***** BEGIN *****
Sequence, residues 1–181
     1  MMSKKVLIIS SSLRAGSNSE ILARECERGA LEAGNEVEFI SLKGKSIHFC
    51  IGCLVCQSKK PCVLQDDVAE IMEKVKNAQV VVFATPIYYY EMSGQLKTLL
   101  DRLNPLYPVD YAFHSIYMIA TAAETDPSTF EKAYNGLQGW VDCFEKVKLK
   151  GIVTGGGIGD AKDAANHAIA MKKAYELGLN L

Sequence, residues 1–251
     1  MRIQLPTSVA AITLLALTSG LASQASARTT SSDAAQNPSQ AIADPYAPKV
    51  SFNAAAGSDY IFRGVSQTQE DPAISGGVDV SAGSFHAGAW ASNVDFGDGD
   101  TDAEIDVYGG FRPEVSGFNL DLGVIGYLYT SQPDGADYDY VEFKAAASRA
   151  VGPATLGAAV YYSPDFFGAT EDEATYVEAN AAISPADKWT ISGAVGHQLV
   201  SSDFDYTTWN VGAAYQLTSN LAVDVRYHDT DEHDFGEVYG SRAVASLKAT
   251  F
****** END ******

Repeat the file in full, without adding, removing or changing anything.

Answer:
Sequence, residues 1–181
     1  MMSKKVLIIS SSLRAGSNSE ILARECERGA LEAGNEVEFI SLKGKSIHFC
    51  IGCLVCQSKK PCVLQDDVAE IMEKVKNAQV VVFATPIYYY EMSGQLKTLL
   101  DRLNPLYPVD YAFHSIYMIA TAAETDPSTF EKAYNGLQGW VDCFEKVKLK
   151  GIVTGGGIGD AKDAANHAIA MKKAYELGLN L

Sequence, residues 1–251
     1  MRIQLPTSVA AITLLALTSG LASQASARTT SSDAAQNPSQ AIADPYAPKV
    51  SFNAAAGSDY IFRGVSQTQE DPAISGGVDV SAGSFHAGAW ASNVDFGDGD
   101  TDAEIDVYGG FRPEVSGFNL DLGVIGYLYT SQPDGADYDY VEFKAAASRA
   151  VGPATLGAAV YYSPDFFGAT EDEATYVEAN AAISPADKWT ISGAVGHQLV
   201  SSDFDYTTWN VGAAYQLTSN LAVDVRYHDT DEHDFGEVYG SRAVASLKAT
   251  F